The apartment we’re staying in Mosman, NSW has a veranda with glorious views out to the bay, and beyond that to the ocean. The veranda is also a stopping off point for a couple of Sulphur Crested Cockatoos who patrol the area picking up ‘dainties” from well meaning locals such as myself. These feathered beauties are no bird brains either. One actually will come up to the glass door and tap it’s beak on it to gain our attention should it’s fearsome squawking not be enough to rouse us from our morning duties.
But what struck me most about them was that they can eat a piece of bread with one foot, whilst standing on the other foot perched on a precarious ledge some 35 feet above the ground. Not only that, they are also very wary of humans, which, if you’re a bird, a beast or a fish, is quite a sensible thing to be.
My perching parrots got me thinking about how we humans create our own comfort zones. How we embed ourselves in our homes, our jobs, our families and our communities. How we like to feel comfortable, in command and safe. But somehow, as we grow older, life slowly leeches that illusion of safety away. Somehow things don’t always work out as we’d planned: the job we wanted wasn’t how we saw it: the relationship we thought we had has turned into a desiccated day to day endurance event: life seems to be run to other peoples deadlines - most of which seem ridiculous to us. The list often appears endless.
But then a cockatoo lands on your veranda!
Have you every tried brushing your teeth standing on one leg? Walking over a rough surface in bare feet? Lying on the beach/grass/park bench and looking at the stars at night? Then there’s learning a new language: taking up drawing/woodwork/cooking/gardening: anyone for Latin American dancing?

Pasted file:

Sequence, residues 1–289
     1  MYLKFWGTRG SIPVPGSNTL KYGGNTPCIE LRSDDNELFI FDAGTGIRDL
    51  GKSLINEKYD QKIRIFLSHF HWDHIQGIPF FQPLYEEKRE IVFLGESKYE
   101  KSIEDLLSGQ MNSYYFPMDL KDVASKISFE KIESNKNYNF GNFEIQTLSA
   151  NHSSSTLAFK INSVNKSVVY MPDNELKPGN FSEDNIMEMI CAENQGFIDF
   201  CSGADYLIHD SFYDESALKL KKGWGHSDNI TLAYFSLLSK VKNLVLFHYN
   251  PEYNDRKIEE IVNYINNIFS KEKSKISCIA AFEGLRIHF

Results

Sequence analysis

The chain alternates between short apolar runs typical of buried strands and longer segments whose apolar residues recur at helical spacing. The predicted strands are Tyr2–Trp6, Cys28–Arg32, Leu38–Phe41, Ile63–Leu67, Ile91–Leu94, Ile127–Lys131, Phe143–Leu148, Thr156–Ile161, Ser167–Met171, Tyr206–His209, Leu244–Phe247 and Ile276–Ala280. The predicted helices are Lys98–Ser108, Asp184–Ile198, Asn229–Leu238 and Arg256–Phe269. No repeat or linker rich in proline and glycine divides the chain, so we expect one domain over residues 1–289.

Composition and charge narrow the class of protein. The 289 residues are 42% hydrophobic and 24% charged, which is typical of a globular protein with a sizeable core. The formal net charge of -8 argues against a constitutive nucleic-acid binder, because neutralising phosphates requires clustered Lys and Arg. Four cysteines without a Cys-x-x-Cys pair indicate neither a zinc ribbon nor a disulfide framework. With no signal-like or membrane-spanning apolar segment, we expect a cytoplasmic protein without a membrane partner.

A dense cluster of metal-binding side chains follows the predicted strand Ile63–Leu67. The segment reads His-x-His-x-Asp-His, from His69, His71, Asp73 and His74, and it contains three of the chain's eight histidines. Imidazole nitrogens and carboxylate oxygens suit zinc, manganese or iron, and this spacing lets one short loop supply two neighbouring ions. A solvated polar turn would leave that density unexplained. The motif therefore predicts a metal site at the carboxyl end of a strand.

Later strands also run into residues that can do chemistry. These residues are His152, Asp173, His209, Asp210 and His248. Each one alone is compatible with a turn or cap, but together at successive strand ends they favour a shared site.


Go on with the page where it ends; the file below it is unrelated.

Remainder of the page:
All of us - young, old, tall short, stout or slim, of whatever faith, creed or religion we may be, we can all push back the boundaries of ignorance which has limited our thinking about what we are truly capable of.
In my books I write of ordinary folk who manage to do great things, not because they chose to, or even wanted to, but because they could.
***** By the way - do NOT try eating a piece of bread whilst standing on one leg whilst perched on a high veranda ledge - not unless you have wings! *****
I’m here on the east coast of Australia working in a great Medical Center in the suburb of Mosman, in Sydney NSW. This is my fourth ‘tour of duty’ in this Practice and one that I’m truly enjoying as the team I work with are great people. Mind you, because some of the Docs are on holiday, it’s been pretty busy so I value my recovery time taking a swim down at the beach or going for long walks.
On one of those trips I was able to help out at a motor vehicle accident when a gentleman lost control of his car and skidded into a hedge. Luckily, the trees lost more bark than he did! But it was great to be able to help out and everyone at the scene did their bit really well - take a bow Nurse Alright!
The following night a storm hit the city after one of the hottest days in decades. The lightning strikes were spectacular, but by morning it was all a distant memory. Even the friendly, local Sulphur Crested Cockatoo was more interested in getting ‘his ‘daily bread’ than in the previous night’s tempest!
I’ve also delighted in reading one of the best books to have inhabited my bedside table in years - A Gentleman in Moscow by Amor Townes - a beautiful book and well worth a read.
All this activity has led me to neglect the marketing of The Missing - my second Renaissance Brothers book. Still, Ihave little doubt that Mr Towles took many years to reach the summit, and indeed, I’m in no great rush but am thoroughly enjoying the process and the gentle literary ascent.
Despite the fact that the next couple of weeks are looking to be just as demanding, I’ve an inkling of an idea of how to increase my literary profile. Email me if you can guess how.